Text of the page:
Our "Weed and Insect Destroyer" Association, as stated in the last June number of the Horticulturist, has proved to be a wholesome movement to our neighborhood, as the people begin to see that feeding the birds becomes a monopoly of their services to the feeder. Bird-feeding, therefore, becomes general here, and it is probable that, within a few years to come, we shall have all the birds of the state congregated in our county, except feeding be practiced elsewhere.
We have added now to our flock of workers also the crow by domesticating it, and find it very important to be employed in orchards as a powerful grub and mouse destroyer.
A farmer at our elbow, who was advised to shoot a bird occasionally for the purpose of ascertaining if it was an injurious bird or not, by opening its craw, went to his cornfield in May last with his gun, there hid in a bush, and soon found a number of quails nearing, and apparently in the very act of pulling up the sprouted corn. He shot two of them, and on his way home killed also a robin, the very bird that took some of his cherries last year. The craws were examined, but, to his surprise, no corn nor cherries were found in them, but only worms and grubs, the very things that had destroyed his corn. And as he now wished our opinion and advice on the subject, we directed him that, whenever he should again be vexed at the birds, to load his gun as usual, but leave out the shot, (the lead,) and fire away at them as often as he pleased.
I was happy to find in the Philadelphia Saturday Evening Post of the 4th inst., an article similar to mine as pointed to above. You will find it inclosed.
But before I close this chapter on birds, I wish to draw attention to another little winged and much-abused animal; and although not a bird, its great usefulness in destroying mosquitoes is generally very little appreciated or even known; we mean the bat.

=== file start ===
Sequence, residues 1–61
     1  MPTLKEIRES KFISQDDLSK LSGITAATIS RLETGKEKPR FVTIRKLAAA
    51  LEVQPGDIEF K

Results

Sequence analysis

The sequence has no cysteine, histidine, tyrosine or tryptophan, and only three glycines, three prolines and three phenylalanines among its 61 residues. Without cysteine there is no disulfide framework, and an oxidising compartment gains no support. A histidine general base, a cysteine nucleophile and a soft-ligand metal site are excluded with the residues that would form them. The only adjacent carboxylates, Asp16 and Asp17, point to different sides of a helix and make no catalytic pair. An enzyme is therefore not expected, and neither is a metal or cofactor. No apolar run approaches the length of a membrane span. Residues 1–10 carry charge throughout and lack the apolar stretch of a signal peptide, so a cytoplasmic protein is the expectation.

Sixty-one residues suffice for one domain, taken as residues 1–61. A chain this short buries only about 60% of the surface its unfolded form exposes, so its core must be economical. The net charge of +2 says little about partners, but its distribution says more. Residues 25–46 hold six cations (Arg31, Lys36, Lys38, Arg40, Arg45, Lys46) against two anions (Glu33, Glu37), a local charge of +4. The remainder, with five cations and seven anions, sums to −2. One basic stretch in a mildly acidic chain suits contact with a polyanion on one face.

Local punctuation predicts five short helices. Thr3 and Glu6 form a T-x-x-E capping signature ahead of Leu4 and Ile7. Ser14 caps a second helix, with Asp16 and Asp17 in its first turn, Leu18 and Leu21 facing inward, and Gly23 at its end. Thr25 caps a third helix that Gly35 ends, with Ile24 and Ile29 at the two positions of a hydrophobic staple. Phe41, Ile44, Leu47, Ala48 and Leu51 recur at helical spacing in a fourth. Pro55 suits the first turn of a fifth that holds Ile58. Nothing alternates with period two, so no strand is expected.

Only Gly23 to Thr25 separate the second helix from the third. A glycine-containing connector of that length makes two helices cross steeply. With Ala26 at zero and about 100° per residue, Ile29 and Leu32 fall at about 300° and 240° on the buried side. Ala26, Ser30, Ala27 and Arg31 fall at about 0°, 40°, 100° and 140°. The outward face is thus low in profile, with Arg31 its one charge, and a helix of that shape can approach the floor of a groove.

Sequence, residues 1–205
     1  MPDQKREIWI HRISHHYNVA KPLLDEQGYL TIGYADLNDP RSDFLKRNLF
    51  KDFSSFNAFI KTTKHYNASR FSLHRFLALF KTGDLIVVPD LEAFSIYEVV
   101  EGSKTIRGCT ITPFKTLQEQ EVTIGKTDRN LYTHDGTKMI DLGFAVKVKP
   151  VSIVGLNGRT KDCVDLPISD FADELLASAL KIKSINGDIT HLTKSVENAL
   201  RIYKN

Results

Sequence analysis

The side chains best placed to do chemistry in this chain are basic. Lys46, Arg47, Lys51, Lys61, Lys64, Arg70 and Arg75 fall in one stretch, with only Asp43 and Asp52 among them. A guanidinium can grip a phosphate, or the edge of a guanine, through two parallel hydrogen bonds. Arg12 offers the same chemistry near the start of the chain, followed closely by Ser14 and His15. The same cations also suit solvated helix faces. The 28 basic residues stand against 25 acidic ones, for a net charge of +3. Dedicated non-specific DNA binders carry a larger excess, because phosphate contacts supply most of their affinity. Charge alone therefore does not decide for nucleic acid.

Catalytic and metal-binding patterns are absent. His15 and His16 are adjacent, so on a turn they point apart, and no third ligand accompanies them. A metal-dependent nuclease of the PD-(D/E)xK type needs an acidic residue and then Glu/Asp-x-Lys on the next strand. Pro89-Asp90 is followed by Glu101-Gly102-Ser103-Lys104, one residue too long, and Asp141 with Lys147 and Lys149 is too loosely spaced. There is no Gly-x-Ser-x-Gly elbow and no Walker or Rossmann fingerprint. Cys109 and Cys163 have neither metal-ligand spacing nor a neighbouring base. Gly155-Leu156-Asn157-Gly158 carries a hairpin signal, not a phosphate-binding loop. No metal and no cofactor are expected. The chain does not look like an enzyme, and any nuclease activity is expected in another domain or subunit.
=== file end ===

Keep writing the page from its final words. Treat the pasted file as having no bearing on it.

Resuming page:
In localities where mosquitoes are plenty and annoying, we would recommend to keep one or two of them in a cage or little box, and before bedtime let them fly through the house, closing the windows, when they will free every room in the house of that well-known torment, the mosquitoes, in less than ten minutes, after which they may be caught and recaged.
The dread which women have of this little harmless creature is founded on fable.
We give the above from our experiments with the bats.
[There can be no doubt that G. H. B. is entirely right with his "Weed and Insect Destroyer" Association. Every village should have an association of this kind. The birds may occasionally take a little corn, or a few cherries and strawberries; but what of that 1 Do they not consume millions of noxious insects that would otherwise destroy all our fruit? The good that they do preponderates so immensely over the harm they occasion, that this alone should insure their protection against wanton destruction. Then they are so pretty and sing so sweetly that we should do every thing in our power to induce them to congregate around our homes. - The suggestion in regard to the bat is to us a very novel one. We hope some of our readers will give the bats a trial. We have no doubt they have tried the mosquitoes to their entire satisfaction: we have. - Ed].